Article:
During the Taliban rule between 1996-2001, sports activities were severely restricted and public outpouring and celebrations on the streets were the stuff of dreams.
Iraq clinch the Asia Cup in 2007
On July 29, 2007, Iraq scripted one of the most memorable fairy-tales in sporting history. They beat Saudi Arabia 1-0 in the final to win the Asia Cup and provide a moment of great joy to their war-torn nation.
The Saudis were bidding to become the first-ever four-time winners of the event, but the Iraqis, who had become the darlings of the tournament as well as the whole world, rode a huge wave of popular sentiment to cause a major upset.
It was all the more remarkable as they had beaten two of the favourites back-to-back after getting past South Korea in the semi-finals.
That match ended goalless after extra-time and went to penalties where Iraq’s custodian Noor Sabri turned out to be the hero as he saved the fourth spot-kick from the Koreans. The fifth kick from the Koreans then hit the post to send Iraq into the final.
Younis Mahmoud scored the only goal of the final on 72 minutes to secure a first ever Asia Cup triumph for Iraq.
Few people had given the Iraqis any chance before the tournament started in the light of the war at home and with the players having suffered emotionally from the violence back home and quite a few of the players had even lost relatives in it.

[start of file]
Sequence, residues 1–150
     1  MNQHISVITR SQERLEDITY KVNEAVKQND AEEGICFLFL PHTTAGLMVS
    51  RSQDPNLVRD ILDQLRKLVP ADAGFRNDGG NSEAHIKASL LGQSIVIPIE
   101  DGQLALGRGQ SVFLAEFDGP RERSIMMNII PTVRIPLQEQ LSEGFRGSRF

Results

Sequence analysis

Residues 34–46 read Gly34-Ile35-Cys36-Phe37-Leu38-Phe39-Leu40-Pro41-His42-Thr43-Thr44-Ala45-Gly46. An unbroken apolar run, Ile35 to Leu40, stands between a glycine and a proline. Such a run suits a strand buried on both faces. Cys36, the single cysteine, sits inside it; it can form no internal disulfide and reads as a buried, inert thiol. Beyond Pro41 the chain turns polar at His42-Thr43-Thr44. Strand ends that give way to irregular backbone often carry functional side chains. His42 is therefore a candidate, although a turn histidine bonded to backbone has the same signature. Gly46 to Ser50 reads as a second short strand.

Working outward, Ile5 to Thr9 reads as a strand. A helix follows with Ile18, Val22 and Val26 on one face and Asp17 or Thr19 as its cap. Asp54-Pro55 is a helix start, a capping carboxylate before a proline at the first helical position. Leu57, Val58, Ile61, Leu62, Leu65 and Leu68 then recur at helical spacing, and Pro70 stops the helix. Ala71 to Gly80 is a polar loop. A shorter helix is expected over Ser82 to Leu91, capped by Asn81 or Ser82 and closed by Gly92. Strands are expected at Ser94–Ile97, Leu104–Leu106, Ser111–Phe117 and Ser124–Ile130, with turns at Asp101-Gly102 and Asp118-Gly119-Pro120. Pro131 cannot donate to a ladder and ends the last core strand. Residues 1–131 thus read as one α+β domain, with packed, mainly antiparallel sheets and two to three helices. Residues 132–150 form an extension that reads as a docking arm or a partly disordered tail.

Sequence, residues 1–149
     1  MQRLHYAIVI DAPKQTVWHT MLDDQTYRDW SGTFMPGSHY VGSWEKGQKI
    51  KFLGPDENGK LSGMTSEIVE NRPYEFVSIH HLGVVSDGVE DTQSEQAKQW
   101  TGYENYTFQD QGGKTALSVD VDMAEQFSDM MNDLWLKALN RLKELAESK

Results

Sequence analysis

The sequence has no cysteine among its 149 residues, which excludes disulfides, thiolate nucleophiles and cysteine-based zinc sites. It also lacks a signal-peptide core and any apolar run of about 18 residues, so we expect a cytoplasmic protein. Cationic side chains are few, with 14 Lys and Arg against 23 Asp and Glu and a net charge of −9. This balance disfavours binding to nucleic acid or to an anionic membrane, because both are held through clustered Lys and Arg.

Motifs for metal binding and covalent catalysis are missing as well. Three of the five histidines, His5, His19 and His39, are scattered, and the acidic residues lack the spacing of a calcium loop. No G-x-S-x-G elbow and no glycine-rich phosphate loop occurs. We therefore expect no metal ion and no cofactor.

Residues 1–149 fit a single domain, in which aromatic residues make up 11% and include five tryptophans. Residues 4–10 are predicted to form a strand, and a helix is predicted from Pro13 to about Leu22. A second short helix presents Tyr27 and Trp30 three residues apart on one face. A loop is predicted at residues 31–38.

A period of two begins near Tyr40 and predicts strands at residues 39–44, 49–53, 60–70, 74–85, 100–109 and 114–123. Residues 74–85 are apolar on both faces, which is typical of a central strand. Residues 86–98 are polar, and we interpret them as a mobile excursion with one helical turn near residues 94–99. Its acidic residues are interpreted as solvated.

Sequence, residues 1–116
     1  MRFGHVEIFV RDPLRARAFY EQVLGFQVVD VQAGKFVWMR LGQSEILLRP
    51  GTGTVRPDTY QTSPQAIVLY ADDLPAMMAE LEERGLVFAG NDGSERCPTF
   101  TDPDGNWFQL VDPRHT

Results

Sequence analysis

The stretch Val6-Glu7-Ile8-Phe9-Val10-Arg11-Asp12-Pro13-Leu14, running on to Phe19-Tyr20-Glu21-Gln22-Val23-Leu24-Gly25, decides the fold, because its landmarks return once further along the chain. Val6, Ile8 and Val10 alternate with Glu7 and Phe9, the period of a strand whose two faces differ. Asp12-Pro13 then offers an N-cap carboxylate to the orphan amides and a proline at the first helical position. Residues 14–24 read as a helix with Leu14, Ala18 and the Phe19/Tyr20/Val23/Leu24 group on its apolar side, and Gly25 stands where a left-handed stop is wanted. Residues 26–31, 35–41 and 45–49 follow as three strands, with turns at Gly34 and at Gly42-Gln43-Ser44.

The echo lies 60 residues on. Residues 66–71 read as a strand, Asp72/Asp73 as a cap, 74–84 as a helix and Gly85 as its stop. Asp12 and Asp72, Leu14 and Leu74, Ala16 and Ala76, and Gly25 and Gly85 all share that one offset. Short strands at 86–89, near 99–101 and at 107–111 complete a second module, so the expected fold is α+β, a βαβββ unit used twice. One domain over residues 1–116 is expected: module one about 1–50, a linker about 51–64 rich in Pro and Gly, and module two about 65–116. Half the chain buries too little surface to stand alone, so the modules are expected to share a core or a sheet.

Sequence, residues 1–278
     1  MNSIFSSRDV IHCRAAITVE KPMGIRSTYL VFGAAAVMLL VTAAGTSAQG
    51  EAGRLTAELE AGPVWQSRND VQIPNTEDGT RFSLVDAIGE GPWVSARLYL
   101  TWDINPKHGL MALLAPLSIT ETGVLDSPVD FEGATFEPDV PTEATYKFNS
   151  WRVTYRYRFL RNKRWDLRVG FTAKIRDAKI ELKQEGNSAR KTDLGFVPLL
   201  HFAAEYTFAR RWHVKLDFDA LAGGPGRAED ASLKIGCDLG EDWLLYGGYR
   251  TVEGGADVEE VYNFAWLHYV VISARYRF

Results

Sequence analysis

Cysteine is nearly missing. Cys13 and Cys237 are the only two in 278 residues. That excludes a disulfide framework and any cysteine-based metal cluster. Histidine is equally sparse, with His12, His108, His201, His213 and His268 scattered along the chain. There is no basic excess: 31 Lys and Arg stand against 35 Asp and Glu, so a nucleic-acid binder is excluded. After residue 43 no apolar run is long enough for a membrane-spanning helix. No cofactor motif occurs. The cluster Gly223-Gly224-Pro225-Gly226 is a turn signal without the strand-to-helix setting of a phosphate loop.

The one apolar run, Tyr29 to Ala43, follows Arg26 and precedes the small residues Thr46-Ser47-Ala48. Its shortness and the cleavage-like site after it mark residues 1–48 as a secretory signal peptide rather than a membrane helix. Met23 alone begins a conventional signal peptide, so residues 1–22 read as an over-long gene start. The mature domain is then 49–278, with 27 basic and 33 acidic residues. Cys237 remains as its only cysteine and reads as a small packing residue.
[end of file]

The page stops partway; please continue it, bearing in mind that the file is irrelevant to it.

Like Afghanistan, Iraq was invaded by a United States-led force, two years later in 2003; the premise of the war being the discovery of Weapons of Mass Destruction (WMD) in Iraq. It formed a part of the United States’ supposed ‘Global War on Terror’ and lasted nine years culminating with the withdrawal of US troops in 2011.
In this backdrop, the team had gotten together and united under Brazilian coach Jorvan Vieira, who had only two months to prepare a team that had players from varied ethnic backgrounds – Shi’ites, Sunnis and Kurdish players. Local infighting amongst different ethnic groups was common in Iraq at the time.
The team was forced to train and play qualifiers in neutral countries
“This is not just about football… this is more important than that,” Iraq’s Brazilian coach Jorvan Vieira told a news conference.
“This has brought great happiness to a whole country. This is not about a team, this is about human beings.”
Almost every member of the team had been touched by the war in some way or the other and played through much personal grief.
One of the tragedies of the war was that the team could not even return to Iraq with the trophy.
“I wish we could go, but you just don’t know who will kill you,” said Iraqi captain Mahmoud, who was named the best player of the tournament.
FIFA President Sepp Blatter, who was present at the final, had said that Iraq’s achievement had inspired millions and was proof of sport’s unique power to unite people in the most desperate of circumstances.
As these two fans rightly echoed through their poster, ‘War could not kill football’ !